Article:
Literary festival Het Grote Gebeuren takes place every year since nine years. This year it will be on the 9th of November at the Forum Film Theatre in the city centre at the Hereplein. Wellknown and starting Dutch authors are invited for readings, talks and discussions. The festival also aims for an international program. This year Dutch authors Jaap Robben en Nina Weijers will be interviewd about the translations in English of their recent works.
Also there will be talks with Nino Haratischwili, Dorthe Nors and Ben Smith in English.
The Eight Life (for Brilka): six romances, one revolution, the story of the century.
At the start of the twentieth century, on the edge of the Russian Empire, a family prospers. It owes its success to a delicious chocolate recipe, passed down the generations with great solemnity and caution. A caution which is justified: this is a recipe for ecstasy that carries a very bitter aftertaste …
Tumbling down the years, and across vast expanses of longing and loss, generation after generation of this compelling family hears echoes and sees reflections. Great characters and greater relationships come and go and come again; the world shakes, and shakes some more, and the reader rejoices to have found at last one of those glorious old books in which you can live and learn, be lost and found, and make indelible new friends.
‘His father’s breath had been loud in the small room. It had smelled smoky, or maybe more like dust. ‘I’ll get out,’ he’d said. ‘I’ll come back for you, ok?’ The boy remembered that; had always remembered it. And, for a time, he’d believed it too.’
In the North Sea, far from what remains of the coastline, a wind farm stretches for thousands of acres.
The Boy, who is no longer really a boy, and the Old Man, whose age is unguessable, are charged with its maintenance. They carry out their never-ending work as the waves roll, dragging strange shoals of flotsam through the turbine fields. Land is only a memory.
So too is the Boy’s father, who worked on the turbines before him, and disappeared.
The boy has been sent by the Company to take his place, but the question of where he went and why is one for which the Old Man will give no answer.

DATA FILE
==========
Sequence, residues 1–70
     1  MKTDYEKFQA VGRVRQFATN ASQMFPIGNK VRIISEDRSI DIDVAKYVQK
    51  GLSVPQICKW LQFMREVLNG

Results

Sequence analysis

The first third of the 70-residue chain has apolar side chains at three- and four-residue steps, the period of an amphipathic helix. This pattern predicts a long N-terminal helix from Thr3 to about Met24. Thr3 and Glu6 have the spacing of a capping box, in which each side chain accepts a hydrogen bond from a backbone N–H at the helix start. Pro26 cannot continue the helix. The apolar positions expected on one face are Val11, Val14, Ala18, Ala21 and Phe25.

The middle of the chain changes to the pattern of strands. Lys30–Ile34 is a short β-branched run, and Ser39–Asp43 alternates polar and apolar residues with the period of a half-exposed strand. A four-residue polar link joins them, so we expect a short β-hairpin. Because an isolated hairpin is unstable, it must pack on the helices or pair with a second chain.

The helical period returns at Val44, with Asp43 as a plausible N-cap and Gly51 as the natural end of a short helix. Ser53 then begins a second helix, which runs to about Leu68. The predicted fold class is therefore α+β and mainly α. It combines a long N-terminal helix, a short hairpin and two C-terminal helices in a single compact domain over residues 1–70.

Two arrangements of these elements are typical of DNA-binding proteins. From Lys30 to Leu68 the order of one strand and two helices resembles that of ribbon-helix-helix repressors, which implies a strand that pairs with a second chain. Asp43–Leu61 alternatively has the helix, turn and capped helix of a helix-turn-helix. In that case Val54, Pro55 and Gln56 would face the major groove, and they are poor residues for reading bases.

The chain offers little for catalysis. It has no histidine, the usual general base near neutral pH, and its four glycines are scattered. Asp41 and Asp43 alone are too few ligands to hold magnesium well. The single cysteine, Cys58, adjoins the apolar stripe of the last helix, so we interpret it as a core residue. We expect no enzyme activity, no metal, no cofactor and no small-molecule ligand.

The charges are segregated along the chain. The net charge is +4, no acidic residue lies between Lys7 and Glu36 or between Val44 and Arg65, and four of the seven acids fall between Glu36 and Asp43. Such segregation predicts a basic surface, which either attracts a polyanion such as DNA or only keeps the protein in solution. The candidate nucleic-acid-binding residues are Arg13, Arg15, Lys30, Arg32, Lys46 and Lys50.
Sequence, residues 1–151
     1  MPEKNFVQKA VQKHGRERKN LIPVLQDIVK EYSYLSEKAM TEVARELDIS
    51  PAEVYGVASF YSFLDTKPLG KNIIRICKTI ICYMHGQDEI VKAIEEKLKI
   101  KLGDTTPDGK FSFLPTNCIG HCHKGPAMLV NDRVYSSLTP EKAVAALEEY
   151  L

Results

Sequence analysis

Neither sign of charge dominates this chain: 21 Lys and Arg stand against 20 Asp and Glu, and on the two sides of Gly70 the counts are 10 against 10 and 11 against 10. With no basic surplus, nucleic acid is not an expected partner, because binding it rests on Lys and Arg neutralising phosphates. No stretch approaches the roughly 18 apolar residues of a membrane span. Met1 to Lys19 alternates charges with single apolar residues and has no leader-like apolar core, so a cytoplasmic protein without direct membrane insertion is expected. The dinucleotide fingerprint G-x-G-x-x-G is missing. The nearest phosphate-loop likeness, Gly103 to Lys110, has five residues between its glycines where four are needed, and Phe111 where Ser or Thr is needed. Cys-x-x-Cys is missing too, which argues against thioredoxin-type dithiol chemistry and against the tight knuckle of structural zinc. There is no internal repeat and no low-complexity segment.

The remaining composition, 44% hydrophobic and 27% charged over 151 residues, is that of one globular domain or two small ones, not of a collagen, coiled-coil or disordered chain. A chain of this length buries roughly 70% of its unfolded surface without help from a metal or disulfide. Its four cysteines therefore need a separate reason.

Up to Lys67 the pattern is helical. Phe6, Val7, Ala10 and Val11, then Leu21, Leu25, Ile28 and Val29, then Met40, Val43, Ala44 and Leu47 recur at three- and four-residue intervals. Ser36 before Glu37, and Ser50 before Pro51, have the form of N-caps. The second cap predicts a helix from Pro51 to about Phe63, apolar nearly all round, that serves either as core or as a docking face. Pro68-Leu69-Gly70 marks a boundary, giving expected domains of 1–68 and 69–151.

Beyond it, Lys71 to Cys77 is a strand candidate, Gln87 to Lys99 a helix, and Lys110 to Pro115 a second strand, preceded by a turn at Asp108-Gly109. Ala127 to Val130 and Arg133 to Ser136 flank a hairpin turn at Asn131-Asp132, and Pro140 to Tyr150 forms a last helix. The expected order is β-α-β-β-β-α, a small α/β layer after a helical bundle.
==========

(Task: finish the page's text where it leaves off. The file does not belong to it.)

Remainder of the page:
As the Old Man dredges the sea for lost things, the Boy sifts for the truth of his missing father. Until one day, from the limitless water, a plan for escape emerges…
Doggerland is a haunting and beautifully compelling story of loneliness and hope, nature and survival.
DORTHE NORS is one of the most original voices of contemporary Danish letters. She has written two celebrated short story collections, Karate Chop and Wild Swims, as well as one novella and five novels, including the most recent: Mirror, Shoulder, Signal (2016), which was a finalist for the Man Booker International Prize 2017.
Nors’s short stories have appeared in countless publications, including Harper’s Magazine, Boston Review, AGNI, and Guernica. She is the first Danish writer to ever have a story published in The New Yorker.
In 2011, she was awarded the Danish Arts Agency’s Three Year Grant for “her unusual and extraordinary talent.” In 2014, her story collection Karate Chop won the prestigious P.O. Enquist Literary Prize. Nors’s latest novel, Mirror, Shoulder, Signal, was published to rave reviews in 2016.
Mirror, Shoulder, Signal was a finalist for the 2017 Man Booker International Prize.
Nors’s latest short story collection, Wild Swims, was published by Gyldendal in August 2018.
Het Grote Gebeuren starts at 19.30 PM on the 9th of November. Tickets are for sale at Het Groninger Forum at their location Hereplein 73 and on their website. Tickets are available for students for € 10,-, Library members € 15,- and others € 20. At the door tickets are priced, if still available, € 15,- for students, € 25,- for library members and € 30,- for others.